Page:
Blackburn 2’FER XL LIGHTThe 2'Fer-XL is the big
brother of Blackburn’s popular 2'Fer light. This light works hard, pulling double duty as either a 200 lumen front or a 40 lumen rear light, depending on your needs. It also features ...
Blackburn Local 10 Rear Light Blackburns most affordable
rear light, the Local 10 Rear light, is powered by a single super bright LED. Large on/off switch makes operation easy even while pedaling or wearing gloves. Features: Large lens power button ...
Blackburn Local 20 Rear Light Blackburn's Local 20
rear light is the brightest of the Local series, and gains an extruded aluminum shell for extra durability. Features: Silicone mount, one size fits all Large lens power button is easy to ...
Rear bike lights are arguably the most important lights to have on your bike. Regardless if it is day or night, a rear light greatly increases your chances of being seen and not hit by a passing car. Many people feel that lights only need to be used at night, but daytime running lights can be just as effective in making your ride safer. When it comes to sharing the road with 4,000 lb. cars, you can never be too safe.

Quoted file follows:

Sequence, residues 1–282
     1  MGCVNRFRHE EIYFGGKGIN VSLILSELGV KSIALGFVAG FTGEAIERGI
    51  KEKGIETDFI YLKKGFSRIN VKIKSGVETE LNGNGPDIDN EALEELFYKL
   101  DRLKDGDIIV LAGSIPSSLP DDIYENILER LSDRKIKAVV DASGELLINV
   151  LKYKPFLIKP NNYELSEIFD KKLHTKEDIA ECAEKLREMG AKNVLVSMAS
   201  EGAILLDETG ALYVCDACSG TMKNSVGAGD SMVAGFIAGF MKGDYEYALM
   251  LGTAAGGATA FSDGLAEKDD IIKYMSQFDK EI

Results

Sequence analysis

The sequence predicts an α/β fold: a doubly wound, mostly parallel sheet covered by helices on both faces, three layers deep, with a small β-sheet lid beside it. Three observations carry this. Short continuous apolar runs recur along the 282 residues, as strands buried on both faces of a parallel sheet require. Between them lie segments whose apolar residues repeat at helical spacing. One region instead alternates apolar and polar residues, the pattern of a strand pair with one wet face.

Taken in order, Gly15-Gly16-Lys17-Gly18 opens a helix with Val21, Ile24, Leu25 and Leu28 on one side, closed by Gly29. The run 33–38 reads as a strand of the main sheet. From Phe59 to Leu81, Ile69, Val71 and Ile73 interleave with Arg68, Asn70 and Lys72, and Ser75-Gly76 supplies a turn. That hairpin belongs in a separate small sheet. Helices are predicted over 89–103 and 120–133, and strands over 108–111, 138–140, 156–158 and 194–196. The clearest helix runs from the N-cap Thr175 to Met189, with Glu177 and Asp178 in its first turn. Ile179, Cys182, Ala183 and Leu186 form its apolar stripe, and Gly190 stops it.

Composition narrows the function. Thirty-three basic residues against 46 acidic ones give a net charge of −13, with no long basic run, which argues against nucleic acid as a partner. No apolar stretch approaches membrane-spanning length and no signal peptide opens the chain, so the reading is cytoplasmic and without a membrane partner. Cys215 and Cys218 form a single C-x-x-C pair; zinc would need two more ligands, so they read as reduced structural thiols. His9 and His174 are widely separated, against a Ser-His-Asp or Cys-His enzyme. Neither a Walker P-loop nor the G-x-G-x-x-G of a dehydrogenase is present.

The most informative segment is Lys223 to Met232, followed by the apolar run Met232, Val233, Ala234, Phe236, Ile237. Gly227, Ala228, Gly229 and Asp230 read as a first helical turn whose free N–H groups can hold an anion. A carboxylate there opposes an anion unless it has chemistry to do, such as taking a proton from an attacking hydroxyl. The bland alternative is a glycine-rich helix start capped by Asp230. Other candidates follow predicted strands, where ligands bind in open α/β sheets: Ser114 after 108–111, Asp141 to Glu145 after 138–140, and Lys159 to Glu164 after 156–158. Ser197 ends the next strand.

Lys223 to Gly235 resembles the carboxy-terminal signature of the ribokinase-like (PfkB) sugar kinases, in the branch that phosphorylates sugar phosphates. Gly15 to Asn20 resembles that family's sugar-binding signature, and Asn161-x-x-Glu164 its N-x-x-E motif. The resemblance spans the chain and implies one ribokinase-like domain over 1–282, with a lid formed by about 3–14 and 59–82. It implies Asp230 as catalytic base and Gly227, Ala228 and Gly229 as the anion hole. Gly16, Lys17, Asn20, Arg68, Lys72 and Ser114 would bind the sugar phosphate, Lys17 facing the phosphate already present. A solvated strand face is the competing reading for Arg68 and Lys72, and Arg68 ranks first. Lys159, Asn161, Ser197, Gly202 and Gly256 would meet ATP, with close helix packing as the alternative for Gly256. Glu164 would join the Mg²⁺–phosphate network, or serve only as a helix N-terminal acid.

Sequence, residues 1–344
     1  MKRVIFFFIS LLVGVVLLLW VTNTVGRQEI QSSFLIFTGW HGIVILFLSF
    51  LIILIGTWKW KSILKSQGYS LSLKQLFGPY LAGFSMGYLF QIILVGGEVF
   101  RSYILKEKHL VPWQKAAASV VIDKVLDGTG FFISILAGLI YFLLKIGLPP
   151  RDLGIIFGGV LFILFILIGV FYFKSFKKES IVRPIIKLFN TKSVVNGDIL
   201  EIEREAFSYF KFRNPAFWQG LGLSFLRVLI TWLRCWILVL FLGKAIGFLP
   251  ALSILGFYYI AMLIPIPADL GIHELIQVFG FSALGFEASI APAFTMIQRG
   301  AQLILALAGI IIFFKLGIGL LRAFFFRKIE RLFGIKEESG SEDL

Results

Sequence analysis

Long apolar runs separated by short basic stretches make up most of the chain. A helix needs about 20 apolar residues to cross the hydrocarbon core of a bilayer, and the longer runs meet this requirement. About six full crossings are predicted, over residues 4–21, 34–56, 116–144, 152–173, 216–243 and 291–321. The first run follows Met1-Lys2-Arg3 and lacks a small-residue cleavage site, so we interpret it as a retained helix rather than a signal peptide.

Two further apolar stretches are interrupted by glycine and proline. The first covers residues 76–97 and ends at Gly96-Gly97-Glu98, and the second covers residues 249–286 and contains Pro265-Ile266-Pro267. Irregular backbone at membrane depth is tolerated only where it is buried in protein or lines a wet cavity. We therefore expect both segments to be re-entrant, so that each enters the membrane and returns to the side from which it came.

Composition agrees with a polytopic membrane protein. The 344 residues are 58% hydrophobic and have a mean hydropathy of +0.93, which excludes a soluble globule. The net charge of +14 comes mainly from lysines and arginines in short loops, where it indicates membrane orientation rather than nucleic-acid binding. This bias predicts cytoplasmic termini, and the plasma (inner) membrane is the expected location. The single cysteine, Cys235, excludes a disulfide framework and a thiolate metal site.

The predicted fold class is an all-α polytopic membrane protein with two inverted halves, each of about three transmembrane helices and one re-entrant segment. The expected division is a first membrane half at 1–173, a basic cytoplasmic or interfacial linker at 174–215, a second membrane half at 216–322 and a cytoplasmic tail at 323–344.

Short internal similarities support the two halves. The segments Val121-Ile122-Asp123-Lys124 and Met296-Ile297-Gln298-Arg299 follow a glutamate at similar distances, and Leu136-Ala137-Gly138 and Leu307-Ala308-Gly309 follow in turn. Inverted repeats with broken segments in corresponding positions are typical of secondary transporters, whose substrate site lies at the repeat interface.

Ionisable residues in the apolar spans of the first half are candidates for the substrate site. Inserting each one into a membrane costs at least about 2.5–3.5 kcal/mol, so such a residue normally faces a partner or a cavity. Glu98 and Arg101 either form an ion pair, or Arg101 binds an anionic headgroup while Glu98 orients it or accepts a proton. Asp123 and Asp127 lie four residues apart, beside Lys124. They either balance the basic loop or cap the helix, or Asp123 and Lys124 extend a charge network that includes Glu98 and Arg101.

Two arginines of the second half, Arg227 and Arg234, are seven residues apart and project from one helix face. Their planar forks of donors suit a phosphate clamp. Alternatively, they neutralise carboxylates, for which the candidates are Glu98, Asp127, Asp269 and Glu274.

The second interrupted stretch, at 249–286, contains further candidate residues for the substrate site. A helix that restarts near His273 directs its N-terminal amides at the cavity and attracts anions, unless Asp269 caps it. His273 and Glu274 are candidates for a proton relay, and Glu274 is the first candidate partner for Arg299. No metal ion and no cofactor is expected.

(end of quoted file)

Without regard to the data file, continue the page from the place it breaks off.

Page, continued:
Unlike a front light, a rear light doesn’t have to illuminate the ground beneath it. It only needs to create enough light to distract drivers, alerting them of your presence. Therefore, you might notice that front lights usually have a higher lumen rating than rear lights. This doesn’t mean that rear lights are not as safe as front lights. The two lights just serve two slightly different purposes.
Rear lights usually come with multiple flash and solid settings. Flash settings are great because they use up less battery life and are more distracting than a solid beam of light. Irregular flash patterns also exist to make your presence even more known. A continuous flash can sometimes be muted out, but an irregular flash is nearly impossible not to notice. An irregular flash at the highest lumen rating is going to be the most visible and safest setting you can have on your bike.
USB charging has become the main way to charge rear lights. Several small cheap battery-powered lights still exist but they have a very low lumen rating. Low lumen lights may not be as visible as expensive high lumen lights, but they are still much better than only using a reflector or nothing at all.
If you have any questions about rear bike lights, hop on a call or a chat with one of our expert Gear Advisors today at 888-880-3811. They are always happy to help you with any questions you may have.